We saw in the state of California in the past year or so that many locales had to institute rolling blackouts because they don't have the capacity in renewables. So I think the question is a valid one with regard to the political pushback against the volume, long-term volume increase for natural gas. But as you mentioned, the interim play is that we're going to be using natural gas in significant volumes for many, many years.
And I think tinder is particularly well positioned as the largest US natural gas pipeline and the largest pipeline connected to the export for LMG. So export use is going to continue to grow as well. So they also have a 7% dividend yield, which the company expects to increase next year. So it's a well-covered dividend. Management understands the problems that they're dealing with, and it's a long runway for the reduction, eventually, in use of natural gas.
ZACK GUZMAN: And Charlie, just to come full circle here on maybe the stimulus discussions and what we saw play out last year, with the stock market being the standout, how do you expect the $1.9 trillion package, if indeed, it is that big, to maybe play out this year, considering it's still kind of split when you look at the surveys on investors about whether or not it's more risky to go too big versus going too small? How do you see that shaking up?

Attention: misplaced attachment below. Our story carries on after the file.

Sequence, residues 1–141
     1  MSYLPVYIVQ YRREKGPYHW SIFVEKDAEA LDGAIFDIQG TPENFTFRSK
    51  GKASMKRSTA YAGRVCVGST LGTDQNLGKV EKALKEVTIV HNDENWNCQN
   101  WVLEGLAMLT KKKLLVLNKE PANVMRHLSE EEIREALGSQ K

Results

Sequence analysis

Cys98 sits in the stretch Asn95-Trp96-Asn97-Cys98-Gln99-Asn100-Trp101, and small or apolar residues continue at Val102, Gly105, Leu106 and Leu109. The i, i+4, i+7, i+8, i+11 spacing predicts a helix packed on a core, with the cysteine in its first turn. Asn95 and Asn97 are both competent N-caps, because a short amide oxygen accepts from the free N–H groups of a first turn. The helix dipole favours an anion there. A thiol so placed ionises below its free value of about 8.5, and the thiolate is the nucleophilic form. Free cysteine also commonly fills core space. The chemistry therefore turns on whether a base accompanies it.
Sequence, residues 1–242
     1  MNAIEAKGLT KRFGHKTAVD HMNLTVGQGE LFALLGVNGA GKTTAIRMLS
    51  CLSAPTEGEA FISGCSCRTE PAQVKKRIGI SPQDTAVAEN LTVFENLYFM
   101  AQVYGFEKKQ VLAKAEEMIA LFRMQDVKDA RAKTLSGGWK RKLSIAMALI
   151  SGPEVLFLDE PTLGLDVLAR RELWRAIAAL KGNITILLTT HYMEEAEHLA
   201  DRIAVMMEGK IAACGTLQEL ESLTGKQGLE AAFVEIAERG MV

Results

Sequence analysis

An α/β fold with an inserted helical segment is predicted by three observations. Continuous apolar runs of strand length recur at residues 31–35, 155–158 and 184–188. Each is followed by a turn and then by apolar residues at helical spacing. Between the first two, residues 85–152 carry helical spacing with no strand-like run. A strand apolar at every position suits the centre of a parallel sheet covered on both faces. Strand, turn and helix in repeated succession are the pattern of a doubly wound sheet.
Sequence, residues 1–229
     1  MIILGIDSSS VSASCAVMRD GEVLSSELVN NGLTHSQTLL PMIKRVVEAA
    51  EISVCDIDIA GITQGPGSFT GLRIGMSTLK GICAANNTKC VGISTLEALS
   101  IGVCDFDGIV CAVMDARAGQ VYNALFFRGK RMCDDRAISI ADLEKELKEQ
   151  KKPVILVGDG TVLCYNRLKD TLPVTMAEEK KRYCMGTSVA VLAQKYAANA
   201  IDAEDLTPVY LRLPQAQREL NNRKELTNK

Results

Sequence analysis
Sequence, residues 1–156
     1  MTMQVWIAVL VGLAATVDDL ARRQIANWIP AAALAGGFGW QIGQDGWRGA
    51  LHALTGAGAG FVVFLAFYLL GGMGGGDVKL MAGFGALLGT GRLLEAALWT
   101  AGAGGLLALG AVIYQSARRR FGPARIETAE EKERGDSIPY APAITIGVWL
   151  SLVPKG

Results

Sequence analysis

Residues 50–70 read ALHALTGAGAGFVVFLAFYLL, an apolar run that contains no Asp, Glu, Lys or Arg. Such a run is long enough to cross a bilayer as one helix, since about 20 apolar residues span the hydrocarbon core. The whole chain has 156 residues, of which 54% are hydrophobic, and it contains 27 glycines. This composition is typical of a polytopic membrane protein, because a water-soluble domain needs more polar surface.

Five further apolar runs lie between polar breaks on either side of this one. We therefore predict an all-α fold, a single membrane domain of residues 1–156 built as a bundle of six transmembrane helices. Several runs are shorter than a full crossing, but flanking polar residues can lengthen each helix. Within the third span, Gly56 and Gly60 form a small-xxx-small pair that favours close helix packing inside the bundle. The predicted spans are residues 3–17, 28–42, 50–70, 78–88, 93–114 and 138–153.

CHARLIE SMITH: Well, I think we can look at what we saw in 2020 with regard to how the stimulus funds were used. We found that households with-- obviously that were able to maintain employment, maintain their incomes, socked away these stimulus payments in many cases. Others didn't put them into savings. They donated them to food banks, for example.
So I think it's going to be the same sort of behavior this time around where the segments of the population that have been hit hardest by job loss-- personal services in the areas of hospitality and dining-- those folks are going to go out and spend them. But in terms of their broader hit on the economy, I think the fact that households that are better off are going to be saving these payments is-- signals good things for household balance sheets on average in the US.
AKIKO FUJITA: Yeah, we've already seen the savings rates go up. It's good to get your insight today, Charlie. Charlie Smith, CEO and founding partner of Fort Pitt Capital Group.